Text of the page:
“This week, show us your interpretation of descent.”
I might possibly be interpreting “descent” too loosely for the challenge…I don’t know. But having taken this picture, I can’t make myself satisfied with any other interpretation now, I find!
I actually went downtown (Washington, D.C.) on purpose yesterday to take a picture for the photo challenge. I was vaguely thinking of a shot looking down the steep steps of the Lincoln Memorial.
But we never made it over there. It was COLD!! We weren’t dressed warmly enough for the walk. We parked at this lot near the Jefferson Memorial and managed to see that, as well as the FDR Memorial and the MLK Memorial, before we had to call it a day and head back to the car. My fingers could hardly press the camera shutter by that point, my hands were so cold! (I need some decent gloves, maybe fingerless ones, if I want to take many photos this Fall and Winter. All I have are mittens right now…which aren’t really conducive to managing my camera!)
So, as I said, I never actually made it around to the Lincoln Memorial to get my shot. But as it turns out, I like this one better.
There are these amazing, gigantic, gnarled trees around the Tidal Basin. Here’s another shot of them:
The tree in the first picture (the one I’m using for the challenge) looks to me like a woman, twisting, with her arms in the air. The trees near her are bent over (they really are; they’re growing like that. It’s not a trick of the angle.) They look like they’re grieving with her – like they’re all kind of bitterly grieving over something they can’t change.
Maybe it was the very chilly air (October was pretty warm in Virginia/DC – so this real November air was something of a shock to the system yesterday!), or the November color – but I found myself thinking of the Greek goddess Demeter when I saw that tree.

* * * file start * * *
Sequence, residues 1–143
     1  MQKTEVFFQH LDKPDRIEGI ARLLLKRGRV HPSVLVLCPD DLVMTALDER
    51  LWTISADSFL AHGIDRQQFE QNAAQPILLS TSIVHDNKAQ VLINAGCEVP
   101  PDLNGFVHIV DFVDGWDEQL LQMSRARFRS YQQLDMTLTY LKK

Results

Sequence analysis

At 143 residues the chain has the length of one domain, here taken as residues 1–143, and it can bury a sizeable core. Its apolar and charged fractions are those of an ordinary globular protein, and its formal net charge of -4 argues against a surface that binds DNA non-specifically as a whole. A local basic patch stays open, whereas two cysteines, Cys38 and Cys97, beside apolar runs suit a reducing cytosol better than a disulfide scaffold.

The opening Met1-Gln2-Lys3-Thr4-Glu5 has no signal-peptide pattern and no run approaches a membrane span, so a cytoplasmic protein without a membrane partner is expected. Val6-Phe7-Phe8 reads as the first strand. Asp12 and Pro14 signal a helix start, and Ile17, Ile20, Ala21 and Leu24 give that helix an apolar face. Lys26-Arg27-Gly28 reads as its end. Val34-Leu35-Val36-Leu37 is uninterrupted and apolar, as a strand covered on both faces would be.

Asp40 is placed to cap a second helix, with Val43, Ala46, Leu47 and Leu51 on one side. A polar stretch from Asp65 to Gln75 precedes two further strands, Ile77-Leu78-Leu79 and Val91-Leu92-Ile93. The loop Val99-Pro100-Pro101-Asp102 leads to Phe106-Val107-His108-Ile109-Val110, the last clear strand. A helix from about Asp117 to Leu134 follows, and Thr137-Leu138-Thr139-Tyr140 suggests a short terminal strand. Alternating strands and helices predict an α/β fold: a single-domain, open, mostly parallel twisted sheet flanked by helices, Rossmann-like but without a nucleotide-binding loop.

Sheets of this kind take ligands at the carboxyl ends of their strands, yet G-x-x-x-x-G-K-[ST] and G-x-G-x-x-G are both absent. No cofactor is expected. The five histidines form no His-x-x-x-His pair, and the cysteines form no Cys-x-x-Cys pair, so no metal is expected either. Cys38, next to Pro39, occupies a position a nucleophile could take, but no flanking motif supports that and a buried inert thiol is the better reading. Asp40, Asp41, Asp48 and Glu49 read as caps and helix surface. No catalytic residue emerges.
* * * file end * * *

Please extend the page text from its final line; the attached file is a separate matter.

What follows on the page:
“Demeter’s virgin daughter Persephone was abducted to the underworld by Hades. Demeter searched for her ceaselessly, preoccupied with her loss and her grief. The seasons halted; living things ceased their growth, then began to die. Faced with the extinction of all life on earth, Zeus sent his messenger Hermes to the underworld to bring Persephone back. Hades agreed to release her, but gave her a pomegranate. When she ate the pomegranate seeds, she was bound to him for one third of the year, either the dry Mediterranean summer, when plant life is threatened by drought, or the autumn and winter. There are several variations on the basic myth….In all versions, Persephone’s time in the underworld corresponds with the unfruitful seasons of the ancient Greek calendar, and her return to the upper world with springtime.”
The chilly air…the (to my fancy anyway) ancient trees…the leaves…the “posture” of the “Demeter tree”: all of this just screamed “DESCENT” to me. The descent of Persephone to the underworld, and that whole myth. The descent of leaves in autumn. The sort of metaphorical descent of everything from bright summer color to cold gray winter.
Anyway, I don’t know if it’s the best photo choice if it requires this much explanation! But there it is!